We really hope this will lead to the idea of “Community Learning Centers”, where these learning centers can complement what kids do in school all the time. It could be to learn things that are not offered in their schools, like coding lessons. Ideally, children would earn credits that would be transferable to their schools. For older youth we have internships and apprenticeships and real jobs. There is no reason why children should not be credited for this as well. It’s about creating a model that allows for more flexibility outside of the school day and for kids to get credit for the work they do.
Another silver lining to emerge from the pandemic is a windfall of federal money earmarked for after-school programs. Without being too far-fetched, can you tell me about this $ 30 billion? Does all of this go after school?
Not exactly. The US bailout is setting aside $ 30 billion to deal with the learning loss over a three to four year period. It’s huge. About $ 22 billion goes primarily to local education agencies for Title 1 schools (school districts with high poverty rates). The remaining $ 8 billion is intended for public education organizations. We have tried a lot to encourage education agencies in the state to watch their pot of money. This is because public education organizations can donate that money directly to after-school programs that partner with schools. Right now we’re tracking that about half of the states are doing that, which is really exciting. The other states, unfortunately, just send the money to local agencies.
Children are now vaccinated against Covid-19. Do you think this will make it easier or harder for after-school programs?
One of the things that we are seeing, and it’s not just vaccination but regarding all kinds of responses to Covid, is that it really varies from locality to locality. In Washington DC, I think the vast majority of families and schools support vaccinations and masks, and I hope this will reduce the risk and make it easier to get programs in place. But you have other communities where parents or schools don’t support immunizations and hide themselves. Different communities have very different attitudes about what they need to do to fight Covid. We see after-school programs becoming piecemeal. There is no single solution to all of this because it is different everywhere.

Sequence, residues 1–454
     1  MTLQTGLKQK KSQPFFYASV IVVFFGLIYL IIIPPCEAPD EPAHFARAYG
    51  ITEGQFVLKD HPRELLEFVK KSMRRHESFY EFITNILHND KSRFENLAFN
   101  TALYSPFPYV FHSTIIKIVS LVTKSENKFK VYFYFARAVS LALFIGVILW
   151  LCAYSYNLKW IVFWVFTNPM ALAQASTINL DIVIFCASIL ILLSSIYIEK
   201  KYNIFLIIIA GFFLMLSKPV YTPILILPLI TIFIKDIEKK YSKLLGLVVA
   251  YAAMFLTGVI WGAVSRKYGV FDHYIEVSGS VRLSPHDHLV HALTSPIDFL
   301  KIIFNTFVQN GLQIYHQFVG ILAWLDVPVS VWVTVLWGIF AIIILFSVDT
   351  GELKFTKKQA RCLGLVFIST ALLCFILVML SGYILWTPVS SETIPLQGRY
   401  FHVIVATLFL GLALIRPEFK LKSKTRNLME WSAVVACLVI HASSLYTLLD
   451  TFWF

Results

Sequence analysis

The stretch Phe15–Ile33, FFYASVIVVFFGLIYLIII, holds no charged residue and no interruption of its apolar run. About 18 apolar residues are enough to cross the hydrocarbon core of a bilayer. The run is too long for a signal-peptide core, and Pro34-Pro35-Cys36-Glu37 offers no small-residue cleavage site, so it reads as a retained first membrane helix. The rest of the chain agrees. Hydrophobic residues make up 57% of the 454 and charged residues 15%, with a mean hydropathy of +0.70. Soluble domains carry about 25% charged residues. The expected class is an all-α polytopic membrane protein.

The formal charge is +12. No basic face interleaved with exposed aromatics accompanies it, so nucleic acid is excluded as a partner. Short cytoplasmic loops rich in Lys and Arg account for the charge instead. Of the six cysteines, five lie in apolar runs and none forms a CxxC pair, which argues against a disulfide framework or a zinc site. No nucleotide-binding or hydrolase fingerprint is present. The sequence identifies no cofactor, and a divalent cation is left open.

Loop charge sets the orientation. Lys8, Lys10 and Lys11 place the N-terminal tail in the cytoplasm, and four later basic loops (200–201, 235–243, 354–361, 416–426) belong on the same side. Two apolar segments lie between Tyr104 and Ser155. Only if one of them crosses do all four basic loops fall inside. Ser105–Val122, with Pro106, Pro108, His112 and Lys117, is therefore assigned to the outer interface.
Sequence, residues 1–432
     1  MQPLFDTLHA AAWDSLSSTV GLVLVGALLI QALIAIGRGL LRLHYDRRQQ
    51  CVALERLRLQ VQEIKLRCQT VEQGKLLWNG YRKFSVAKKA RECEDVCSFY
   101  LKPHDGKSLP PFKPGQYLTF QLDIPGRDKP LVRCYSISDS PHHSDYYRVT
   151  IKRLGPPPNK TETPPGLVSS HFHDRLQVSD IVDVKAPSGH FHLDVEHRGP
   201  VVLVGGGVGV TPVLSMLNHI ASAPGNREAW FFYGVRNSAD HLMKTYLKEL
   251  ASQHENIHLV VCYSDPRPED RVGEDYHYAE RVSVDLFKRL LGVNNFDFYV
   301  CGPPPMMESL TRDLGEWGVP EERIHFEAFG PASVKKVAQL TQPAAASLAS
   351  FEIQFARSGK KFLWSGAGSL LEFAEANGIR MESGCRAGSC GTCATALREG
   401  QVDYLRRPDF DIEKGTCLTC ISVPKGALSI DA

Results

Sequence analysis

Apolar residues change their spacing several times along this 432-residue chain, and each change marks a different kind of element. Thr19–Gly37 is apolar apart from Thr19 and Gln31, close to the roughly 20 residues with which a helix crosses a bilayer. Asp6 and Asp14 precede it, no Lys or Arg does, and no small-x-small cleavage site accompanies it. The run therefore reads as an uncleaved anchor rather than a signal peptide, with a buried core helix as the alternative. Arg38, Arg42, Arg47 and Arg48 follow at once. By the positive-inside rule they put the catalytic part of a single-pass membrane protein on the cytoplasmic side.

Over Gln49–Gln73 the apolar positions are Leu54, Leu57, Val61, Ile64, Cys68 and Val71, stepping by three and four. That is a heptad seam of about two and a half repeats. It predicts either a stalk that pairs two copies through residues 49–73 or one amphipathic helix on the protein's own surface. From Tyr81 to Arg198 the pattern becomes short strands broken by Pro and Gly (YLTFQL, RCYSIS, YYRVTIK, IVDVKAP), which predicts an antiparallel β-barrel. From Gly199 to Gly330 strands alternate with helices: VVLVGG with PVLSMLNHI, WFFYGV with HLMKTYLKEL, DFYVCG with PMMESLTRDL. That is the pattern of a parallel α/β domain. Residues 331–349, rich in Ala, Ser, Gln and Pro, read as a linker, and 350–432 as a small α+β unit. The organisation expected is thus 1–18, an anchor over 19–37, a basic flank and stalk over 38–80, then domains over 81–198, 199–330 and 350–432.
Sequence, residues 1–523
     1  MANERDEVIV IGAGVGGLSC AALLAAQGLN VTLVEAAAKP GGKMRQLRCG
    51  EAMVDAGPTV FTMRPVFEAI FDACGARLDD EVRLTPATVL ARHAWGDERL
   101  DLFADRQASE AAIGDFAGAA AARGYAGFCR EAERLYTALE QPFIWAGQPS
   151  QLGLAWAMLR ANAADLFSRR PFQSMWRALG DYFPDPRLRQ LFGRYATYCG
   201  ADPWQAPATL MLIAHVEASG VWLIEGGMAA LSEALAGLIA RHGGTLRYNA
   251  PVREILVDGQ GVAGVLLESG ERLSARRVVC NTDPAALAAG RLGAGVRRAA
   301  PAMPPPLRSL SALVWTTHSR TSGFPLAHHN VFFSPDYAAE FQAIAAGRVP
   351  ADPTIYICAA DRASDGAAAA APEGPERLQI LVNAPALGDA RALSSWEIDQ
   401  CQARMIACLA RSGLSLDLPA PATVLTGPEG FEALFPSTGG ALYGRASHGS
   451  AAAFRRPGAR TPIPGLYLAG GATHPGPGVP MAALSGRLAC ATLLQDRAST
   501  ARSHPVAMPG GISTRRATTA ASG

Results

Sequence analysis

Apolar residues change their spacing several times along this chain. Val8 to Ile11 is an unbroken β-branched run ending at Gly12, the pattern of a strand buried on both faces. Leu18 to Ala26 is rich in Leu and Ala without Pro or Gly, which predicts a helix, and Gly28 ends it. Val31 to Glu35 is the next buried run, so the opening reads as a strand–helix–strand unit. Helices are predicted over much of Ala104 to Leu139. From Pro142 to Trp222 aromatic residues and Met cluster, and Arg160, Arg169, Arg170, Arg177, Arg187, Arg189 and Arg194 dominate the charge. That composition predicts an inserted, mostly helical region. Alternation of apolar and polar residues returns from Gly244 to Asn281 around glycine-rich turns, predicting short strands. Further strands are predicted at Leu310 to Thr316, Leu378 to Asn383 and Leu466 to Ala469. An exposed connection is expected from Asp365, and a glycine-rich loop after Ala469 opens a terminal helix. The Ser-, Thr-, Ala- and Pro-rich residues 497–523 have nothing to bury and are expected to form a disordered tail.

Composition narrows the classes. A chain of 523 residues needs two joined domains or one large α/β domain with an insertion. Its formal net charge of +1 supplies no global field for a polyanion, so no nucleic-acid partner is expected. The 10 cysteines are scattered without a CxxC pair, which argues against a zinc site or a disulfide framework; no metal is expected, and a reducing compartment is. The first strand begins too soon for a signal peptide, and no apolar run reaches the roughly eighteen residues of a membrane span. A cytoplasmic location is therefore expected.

We are not experts on Covid-19, but I will say this: I strongly believe that we should do as much as possible in person with children. Of course, safety must come first. Isolating adults is bad enough; isolating children is really damaging on many levels. And I say this not only as an advocate, but also as a parent.
Title: Executive Director of Afterschool Alliance
Residence: Washington DC
“I love to ride a bike which is pretty amazing considering how many horrible bike accidents I’ve had. I was hit by a car and broke my neck, back, teeth and nose. But I always go out on the bike because I love it.
Previous employment: Director of Work and Family Programs for the National Partnership for Women and Families, General Counsel for the Senate Budget Committee, Director of Personnel for a Senate Committee
Education: Law degree from Harvard Law School and an undergraduate degree from Yale University.